OECD commits to digital tax Two-Pillar Approach


Tax Hot Topics newsletterThe Organization for Economic Co-operation and Development (OECD)/G20 Inclusive Framework on Base Erosion and Profit Shifting released a statement on Jan. 31 re-affirming its commitment to the OECD Secretariat’s “Unified Approach” to address tax challenges arising from digitalization and achieving agreement by the end of 2020.

The statement clarifies aspects of the “Two-Pillar Approach,” updates the “Plan of Work,” provides an outline of the architecture or the Unified Approach and revises the timeline for a consensus-based solution. It indicated that the U.S. Treasury suggestion of safe-harbor treatment of the Pillar One component would need to be resolved to reach consensus. It also states that “unilateral measures” (excise taxes on digital services) by countries would need to be withdrawn.

In January 2019, the OECD Secretariat attempted to synthesize a compromise position from the approaches submitted by members of the Inclusive Framework in order to discourage unilaterally imposed interim measures. The OECD suggested a two-part approach, Pillar One of which proposed to expand taxing jurisdiction for “market” countries and impose a formulary allocation of deemed residual profits to include an allocation to those market countries. Pillar Two would allow countries to tax profits in other jurisdictions that have a low effective tax rate.

The OECD issued a public discussion draft in February 2019, followed by stakeholder comments in March, and a detailed Plan of Work in May 2019. The OECD issued a “unified approach” in October 2019, which attempted to develop a consensus approach to Pillar One. On Dec. 2019, Treasury Secretary Steven Mnuchin sent a letter to the OECD expressing misgivings about the unified approach’s departures from established tax principles and suggested that Pillar One should operate as an elective safe harbor rather than a mandatory approach.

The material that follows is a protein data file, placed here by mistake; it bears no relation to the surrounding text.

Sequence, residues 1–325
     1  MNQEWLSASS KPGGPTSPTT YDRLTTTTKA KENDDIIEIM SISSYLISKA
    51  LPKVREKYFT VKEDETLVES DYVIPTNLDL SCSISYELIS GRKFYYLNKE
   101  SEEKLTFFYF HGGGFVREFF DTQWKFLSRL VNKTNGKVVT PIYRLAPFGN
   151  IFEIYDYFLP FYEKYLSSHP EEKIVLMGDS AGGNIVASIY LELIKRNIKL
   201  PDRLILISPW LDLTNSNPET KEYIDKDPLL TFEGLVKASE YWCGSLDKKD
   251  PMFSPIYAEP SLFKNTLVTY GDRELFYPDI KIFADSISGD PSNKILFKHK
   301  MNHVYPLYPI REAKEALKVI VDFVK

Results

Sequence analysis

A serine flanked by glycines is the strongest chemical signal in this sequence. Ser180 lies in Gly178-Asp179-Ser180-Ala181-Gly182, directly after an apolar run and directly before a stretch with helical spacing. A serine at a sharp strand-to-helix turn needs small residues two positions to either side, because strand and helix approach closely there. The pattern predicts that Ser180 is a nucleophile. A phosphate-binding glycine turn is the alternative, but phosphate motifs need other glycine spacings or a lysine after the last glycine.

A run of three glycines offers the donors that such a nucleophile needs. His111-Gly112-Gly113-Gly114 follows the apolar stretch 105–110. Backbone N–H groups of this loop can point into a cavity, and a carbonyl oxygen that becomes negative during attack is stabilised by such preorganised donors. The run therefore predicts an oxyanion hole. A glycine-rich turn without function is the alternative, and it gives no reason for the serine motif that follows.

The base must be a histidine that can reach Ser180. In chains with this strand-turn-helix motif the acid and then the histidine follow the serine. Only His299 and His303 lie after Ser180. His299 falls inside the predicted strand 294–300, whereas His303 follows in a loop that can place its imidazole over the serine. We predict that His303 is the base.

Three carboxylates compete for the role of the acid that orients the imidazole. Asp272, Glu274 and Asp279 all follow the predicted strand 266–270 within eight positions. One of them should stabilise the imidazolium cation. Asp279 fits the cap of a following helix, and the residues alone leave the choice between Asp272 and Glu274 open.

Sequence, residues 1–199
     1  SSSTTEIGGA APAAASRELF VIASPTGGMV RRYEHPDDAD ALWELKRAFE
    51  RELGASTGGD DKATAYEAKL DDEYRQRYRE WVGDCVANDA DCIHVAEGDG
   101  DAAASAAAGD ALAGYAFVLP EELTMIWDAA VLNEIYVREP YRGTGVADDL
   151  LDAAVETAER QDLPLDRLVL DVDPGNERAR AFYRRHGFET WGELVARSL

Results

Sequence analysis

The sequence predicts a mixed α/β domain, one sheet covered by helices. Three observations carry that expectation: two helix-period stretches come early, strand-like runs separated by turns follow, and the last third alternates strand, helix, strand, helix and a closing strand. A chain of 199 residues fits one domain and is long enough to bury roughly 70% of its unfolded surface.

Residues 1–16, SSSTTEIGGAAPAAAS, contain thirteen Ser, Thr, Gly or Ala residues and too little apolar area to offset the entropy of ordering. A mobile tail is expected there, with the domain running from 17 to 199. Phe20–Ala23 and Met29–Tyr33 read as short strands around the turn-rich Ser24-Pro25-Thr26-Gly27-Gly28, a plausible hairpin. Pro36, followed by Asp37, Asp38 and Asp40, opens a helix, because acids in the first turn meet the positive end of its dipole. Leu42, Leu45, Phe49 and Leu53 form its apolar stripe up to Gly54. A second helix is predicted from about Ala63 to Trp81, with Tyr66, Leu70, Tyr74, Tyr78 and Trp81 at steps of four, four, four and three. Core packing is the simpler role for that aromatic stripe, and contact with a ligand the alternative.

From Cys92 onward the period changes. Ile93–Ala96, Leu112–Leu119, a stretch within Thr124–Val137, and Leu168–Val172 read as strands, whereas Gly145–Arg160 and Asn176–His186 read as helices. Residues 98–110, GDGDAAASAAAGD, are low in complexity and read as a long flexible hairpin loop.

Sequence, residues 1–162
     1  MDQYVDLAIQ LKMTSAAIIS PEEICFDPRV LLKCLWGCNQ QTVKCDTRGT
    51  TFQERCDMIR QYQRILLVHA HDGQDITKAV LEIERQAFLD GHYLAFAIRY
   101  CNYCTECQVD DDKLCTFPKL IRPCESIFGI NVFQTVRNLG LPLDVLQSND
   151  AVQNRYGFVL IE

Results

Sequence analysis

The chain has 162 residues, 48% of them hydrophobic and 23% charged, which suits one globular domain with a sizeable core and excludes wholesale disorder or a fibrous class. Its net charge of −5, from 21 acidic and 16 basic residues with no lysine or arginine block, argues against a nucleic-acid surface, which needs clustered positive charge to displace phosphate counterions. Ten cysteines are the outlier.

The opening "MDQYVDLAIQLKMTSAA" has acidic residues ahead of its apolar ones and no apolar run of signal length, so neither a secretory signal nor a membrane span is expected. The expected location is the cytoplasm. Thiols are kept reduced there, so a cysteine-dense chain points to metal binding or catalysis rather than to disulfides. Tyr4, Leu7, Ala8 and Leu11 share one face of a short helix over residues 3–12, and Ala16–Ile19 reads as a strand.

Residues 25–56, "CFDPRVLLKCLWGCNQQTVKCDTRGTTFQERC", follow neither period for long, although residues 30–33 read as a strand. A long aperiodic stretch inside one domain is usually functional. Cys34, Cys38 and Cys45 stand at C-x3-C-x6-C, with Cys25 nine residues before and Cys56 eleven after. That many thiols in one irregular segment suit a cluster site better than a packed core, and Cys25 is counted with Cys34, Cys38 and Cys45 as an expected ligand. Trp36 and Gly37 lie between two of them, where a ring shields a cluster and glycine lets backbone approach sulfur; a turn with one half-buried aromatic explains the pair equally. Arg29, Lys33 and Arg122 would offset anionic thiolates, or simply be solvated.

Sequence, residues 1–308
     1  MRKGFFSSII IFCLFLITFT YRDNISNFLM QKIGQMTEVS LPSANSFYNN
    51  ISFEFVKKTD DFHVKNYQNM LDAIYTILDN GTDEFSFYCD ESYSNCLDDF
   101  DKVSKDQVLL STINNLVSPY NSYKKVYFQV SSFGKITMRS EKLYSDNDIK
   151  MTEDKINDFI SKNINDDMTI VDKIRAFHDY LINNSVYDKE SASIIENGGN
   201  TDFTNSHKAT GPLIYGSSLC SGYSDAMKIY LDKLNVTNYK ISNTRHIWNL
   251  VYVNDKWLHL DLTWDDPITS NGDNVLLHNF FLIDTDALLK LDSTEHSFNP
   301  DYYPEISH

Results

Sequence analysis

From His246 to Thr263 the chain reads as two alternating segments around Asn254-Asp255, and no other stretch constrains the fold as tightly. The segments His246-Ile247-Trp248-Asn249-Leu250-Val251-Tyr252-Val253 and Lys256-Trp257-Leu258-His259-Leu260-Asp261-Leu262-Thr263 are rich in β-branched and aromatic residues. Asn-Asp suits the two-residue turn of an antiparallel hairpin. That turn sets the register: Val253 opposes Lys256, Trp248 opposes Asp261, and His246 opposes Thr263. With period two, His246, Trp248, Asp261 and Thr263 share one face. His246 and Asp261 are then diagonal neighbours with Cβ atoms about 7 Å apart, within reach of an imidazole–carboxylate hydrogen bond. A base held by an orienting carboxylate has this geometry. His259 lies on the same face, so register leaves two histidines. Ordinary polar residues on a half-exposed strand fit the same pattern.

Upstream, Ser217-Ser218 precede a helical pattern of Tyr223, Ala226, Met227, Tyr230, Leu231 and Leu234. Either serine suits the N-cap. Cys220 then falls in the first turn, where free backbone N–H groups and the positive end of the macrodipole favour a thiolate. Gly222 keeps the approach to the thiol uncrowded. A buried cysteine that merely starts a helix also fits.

The statement attempts to clarify the Two-Pillar Approach and re-set the Plan of Work as well as the timeline for the achievement of a consensus resolution. It narrows the scope of affected companies to two categories, automated digital services and consumer-facing businesses, with specific carve-outs for extractive industries, most of the financial services sector, and the operation of ships and aircraft.

The Pillar One approach retains its three-tier profit allocation approach with some modifications and suggested approaches to dispute resolution. The statement comments on progress being made on Pillar One and indicates a number of open issues but does not provide details as to completion.

The timeline has now moved to preparing a report on the Unified Approach to a meeting of the G20 finance ministers and central bank governors on Feb. 22 and 23. A July meeting has been scheduled to reach agreement on the key policy features of the Unified Approach which would form the basis of a political agreement. Consensus resolution is still expected by the end of 2020, but significant work remains, and many issues are still open and would need to be addressed to achieve consensus.

Practice Tip: The statement continues to refine how pillar one would be implemented. Numerous issues will need to be addressed before consensus is reached and is subject to continued negotiations including scope and application. As the process continues to move forward, potentially impacted business should consider further modeling out the potential impact of these provisions.


David Sites
Washington National Tax Office
T +1 202 861 4104

David Zaiken
Managing Director
Washington National Tax Office
T +1 202 521 1543

Steven Wrappe
Managing Director
Washington National Tax Office
T +1 202 521 1542

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